CTech October Product Picks

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In the latest edition of CTech Product Picks we pull together a whole bunch of goodies that have arrived at CyclingTips HQ in the past month or so, giving you our initial impressions. As ever, if you’ve used any of the products featured here, feel free to leave your thoughts in the comments below.

Next to Skin Undershirts

Next markets a variety of products ranging from cycling garments to sports video cameras and a variety of gel and foam products. Amongst the company’s range of cycling garments are Next to Skin undershirts, which are designed and manufactured in Italy.

The Mesh undershirt is sleeveless and designed for warm weather where the mesh acts to keep the skin dry while providing evaporative cooling. The Multi-Season undershirt is designed for both warm and cool weather. Both versions feature seamless construction for improved comfort.

The Mesh undershirt is available in two sizes (S-M, L-XL) and one colour (white); the Multi-season undershirts come in four sizes (S, M, L-XL, XXL) and three colours (white, black, and grey).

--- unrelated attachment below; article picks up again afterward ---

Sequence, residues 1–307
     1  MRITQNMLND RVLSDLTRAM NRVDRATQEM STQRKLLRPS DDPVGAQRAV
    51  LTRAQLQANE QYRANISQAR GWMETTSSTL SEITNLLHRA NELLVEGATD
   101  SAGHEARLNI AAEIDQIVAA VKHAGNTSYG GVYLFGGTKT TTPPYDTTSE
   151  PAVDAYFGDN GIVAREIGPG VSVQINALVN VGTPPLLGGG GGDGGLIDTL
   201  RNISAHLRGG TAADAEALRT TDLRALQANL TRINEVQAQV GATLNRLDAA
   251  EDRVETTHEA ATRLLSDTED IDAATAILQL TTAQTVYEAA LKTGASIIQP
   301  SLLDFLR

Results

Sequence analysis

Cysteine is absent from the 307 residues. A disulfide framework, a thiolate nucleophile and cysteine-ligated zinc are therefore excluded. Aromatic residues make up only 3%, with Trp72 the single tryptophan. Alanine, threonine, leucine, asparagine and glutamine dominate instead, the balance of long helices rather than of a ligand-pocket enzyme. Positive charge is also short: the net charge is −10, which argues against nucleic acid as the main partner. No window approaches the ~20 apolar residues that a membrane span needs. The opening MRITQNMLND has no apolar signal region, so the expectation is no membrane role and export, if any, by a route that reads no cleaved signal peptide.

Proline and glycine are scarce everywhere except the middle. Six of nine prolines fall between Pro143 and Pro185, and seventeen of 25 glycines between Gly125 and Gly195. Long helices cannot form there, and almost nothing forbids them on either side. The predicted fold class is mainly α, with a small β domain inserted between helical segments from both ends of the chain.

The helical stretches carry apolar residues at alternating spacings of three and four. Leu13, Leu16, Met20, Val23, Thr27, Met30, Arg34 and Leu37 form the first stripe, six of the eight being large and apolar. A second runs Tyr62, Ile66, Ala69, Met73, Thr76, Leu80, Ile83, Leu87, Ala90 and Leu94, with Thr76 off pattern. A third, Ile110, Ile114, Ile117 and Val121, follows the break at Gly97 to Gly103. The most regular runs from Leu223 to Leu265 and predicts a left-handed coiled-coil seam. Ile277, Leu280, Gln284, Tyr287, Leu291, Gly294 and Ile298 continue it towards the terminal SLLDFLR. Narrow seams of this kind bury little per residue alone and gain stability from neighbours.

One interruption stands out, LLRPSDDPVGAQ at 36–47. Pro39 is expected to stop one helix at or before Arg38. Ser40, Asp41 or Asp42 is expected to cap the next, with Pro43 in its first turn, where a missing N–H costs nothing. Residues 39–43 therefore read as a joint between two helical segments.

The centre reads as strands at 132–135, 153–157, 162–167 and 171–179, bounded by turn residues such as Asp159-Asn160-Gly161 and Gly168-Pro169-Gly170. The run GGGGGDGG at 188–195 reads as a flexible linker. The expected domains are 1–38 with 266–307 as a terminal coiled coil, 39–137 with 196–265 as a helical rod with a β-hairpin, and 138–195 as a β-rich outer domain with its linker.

For more information visit Next.

RRP: Multi-season sleeveless undershirt, $89; Multi-season short sleeve undershirt, $95; Mesh sleeveless undershirt, $79.

CTech’s Take:

There are two reasons to consider an undershirt (or base layer): the first is to protect the torso from the cold, and the second is to improve cooling in warm weather. Next to Skin undershirts are well made and promise to withstand multiple seasons of use.

The length is generous and the absence of seams along the torso makes these undershirts very easy to wear. Sizing is generous and there is plenty of stretch so there’s no need to go a size up for this Italian brand. I found that the Mesh undershirt was very effective at cooling, but I preferred the versatility of the Multi-season undershirt.

by Matt Wikstrom

Next-Zero Gillet and Jacket

In addition to undershirts, Next also manufactures gillets and jackets. Both garments use Zerowind which Next describes as a light membrane with “dynamic breathability” that allows condensation and perspiration to escape while maintaining protection against the wind and rain. Zerowind also packs down into a small size making the garment easy to stow away when not in use.

The gillet and jacket both have a lined collar, elastic waistband and cuffs, and a side pocket that doubles as a storage bag. The seams of the jacket are fully taped to improve water-resistance. Next-Zero gillets are available in white or black in sizes XS-XXL while the rain jacket is available in white, black, or fluorescent yellow and sizes XS-3XL.

For more information visit Next.